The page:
But what was this process of Torrefacto and what results did it achieve? 

Well, a coffee bean acquires its taste and aroma during the toasting process, with Torrefacto café, sugar is added to the beans. In the past up to 20% of the volume but now it is regulated at a maximum of 15%. This sugar is added in the last stage of the toasting process as the temperature is at its highest, approximately 200ºC, the sugar caramelises and forms a shiny film around the coffee bean. The only thing this achieves is a darker coffee in colour and more bitter in taste. The carbonised sugar masks the majority of the coffee's qualities in terms of taste and aroma thus the technique was only really justified when the coffee bean was of very poor quality as the technique provides a certain uniformity and balance to the taste. However, nowadays its consumption is not recommended and it is considered harmful to one’s health.

Firstly because it is much harder for the digestive system to cope with and thus people with ulcers or stomach problems will have difficulty consuming this coffee but more importantly it has been banned in many countries around the world, as it is believed to be carcinogenic. This technique is only known or used in Spain, Argentina, Costa Rica, Bolivia, Mexico, France and Portugal. In the rest of the world, it is unheard of.

Although its use and consumption were perfectly understandable in those days it became a habit and the norm within Spanish society and continued even when economic conditions had improved.  When the coffee sector was opened up in 1980, controlled up to then only by the state, laws changed and a new market was made available for large companies to tap into. Although they were unaware in those days, they took advantage of the widespread torrefacto coffee, which was approved by the state, cheap, balanced and well accepted by the Spanish consumers and started to mass-produce it. This not only convinced the public that coffee should be strong and bitter but it also promoted the habit of adding more milk to the coffee to make it more acceptable and logically limited the size of the servings.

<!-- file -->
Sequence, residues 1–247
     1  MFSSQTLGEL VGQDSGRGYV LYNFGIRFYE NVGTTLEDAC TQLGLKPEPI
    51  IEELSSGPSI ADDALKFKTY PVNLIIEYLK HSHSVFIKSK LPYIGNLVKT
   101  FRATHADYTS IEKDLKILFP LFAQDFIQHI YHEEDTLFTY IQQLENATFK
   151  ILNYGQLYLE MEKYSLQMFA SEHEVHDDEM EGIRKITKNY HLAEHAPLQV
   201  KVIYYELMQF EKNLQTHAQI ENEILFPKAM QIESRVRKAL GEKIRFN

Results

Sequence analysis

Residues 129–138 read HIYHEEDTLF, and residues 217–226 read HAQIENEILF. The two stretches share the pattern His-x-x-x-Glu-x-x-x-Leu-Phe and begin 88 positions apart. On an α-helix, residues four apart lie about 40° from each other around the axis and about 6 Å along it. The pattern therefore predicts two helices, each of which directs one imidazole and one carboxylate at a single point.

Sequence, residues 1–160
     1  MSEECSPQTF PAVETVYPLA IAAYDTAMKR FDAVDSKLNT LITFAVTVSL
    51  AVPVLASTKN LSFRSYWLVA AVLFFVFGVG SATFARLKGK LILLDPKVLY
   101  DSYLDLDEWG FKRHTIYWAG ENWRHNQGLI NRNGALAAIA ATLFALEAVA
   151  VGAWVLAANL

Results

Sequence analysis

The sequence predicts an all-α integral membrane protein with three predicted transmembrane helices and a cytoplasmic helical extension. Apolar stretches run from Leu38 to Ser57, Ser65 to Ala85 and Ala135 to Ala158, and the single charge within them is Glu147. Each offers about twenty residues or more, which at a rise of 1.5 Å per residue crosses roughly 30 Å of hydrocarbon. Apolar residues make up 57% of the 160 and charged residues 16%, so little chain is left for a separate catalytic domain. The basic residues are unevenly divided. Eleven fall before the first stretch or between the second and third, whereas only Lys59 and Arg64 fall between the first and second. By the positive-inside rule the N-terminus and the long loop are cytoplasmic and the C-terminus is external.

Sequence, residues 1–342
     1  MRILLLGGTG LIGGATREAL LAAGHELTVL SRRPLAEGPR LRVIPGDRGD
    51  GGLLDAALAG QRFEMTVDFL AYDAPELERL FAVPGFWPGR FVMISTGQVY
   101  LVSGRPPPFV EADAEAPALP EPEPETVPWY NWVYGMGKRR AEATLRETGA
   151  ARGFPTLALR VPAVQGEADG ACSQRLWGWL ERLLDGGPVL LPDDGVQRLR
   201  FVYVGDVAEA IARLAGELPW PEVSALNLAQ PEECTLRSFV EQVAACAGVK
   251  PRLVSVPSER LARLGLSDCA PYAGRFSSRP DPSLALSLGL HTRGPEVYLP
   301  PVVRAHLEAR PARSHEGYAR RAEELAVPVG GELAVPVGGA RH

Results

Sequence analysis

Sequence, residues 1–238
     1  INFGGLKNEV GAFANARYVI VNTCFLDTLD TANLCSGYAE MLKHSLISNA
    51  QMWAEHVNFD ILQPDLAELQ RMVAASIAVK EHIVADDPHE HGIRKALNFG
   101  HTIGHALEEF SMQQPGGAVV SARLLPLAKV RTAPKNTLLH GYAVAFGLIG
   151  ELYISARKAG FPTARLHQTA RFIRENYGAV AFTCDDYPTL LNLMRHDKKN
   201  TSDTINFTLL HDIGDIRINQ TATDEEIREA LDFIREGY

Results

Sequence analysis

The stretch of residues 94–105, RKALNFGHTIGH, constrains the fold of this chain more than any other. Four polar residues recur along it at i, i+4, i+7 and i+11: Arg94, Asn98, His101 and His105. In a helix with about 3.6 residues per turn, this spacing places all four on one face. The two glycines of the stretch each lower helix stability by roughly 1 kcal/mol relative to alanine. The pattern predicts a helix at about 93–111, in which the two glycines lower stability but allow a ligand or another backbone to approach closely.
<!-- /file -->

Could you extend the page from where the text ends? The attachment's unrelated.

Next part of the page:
Slowly but surely 100% natural coffee started to make its way in but initially only by means of blends, at first 80% torrefacto -20% natural. As time moved on these percentages started to change but there is still a long road ahead before the Spanish really start to appreciate 100% natural coffee. Today we can still see manufacturers offering especially to bars and restaurants 50/50 blends. However, in the north of Spain it is now far more common to find 100% natural coffee and the further north we go less torrefacto you will find. On the other hand in Andalucía you will find 60/40 (natural/torrefacto) and 50/50 and even in some villages you can still find 100% torrefacto, which is quite incredible nowadays and shouldn’t be allowed quite frankly.

 So, in conclusion, please make sure your olive oil is fruity and your coffee is 100% natural, your body and your palate will thank you for it.


Like 0


Brian Jackson said:
Saturday, September 23, 2023 @ 6:30 PM

That is a very interesting article, thank you. I did notice when I moved to Spain that the olive oil here did have a fruity taste. Very nice it is too.

Paul Nigel Reynard said:
Sunday, September 24, 2023 @ 9:53 AM

Please tell me what brand(s) are a top quality olive oil. Thank you

eos_ian said:
Sunday, September 24, 2023 @ 12:31 PM

Fruity Green/ freshly cut grass - Venta Del Baron (it is a blend of varieties) , this is one of my favourites and it is great year after year. Then Oro Bailén is very good too , easier to find in supermarkets ( Picual variety) but not as good as Venta del Baron. If you want an olive oil which is still fruity but not peppery - Abbae de Queiles - ( Arbequina variety)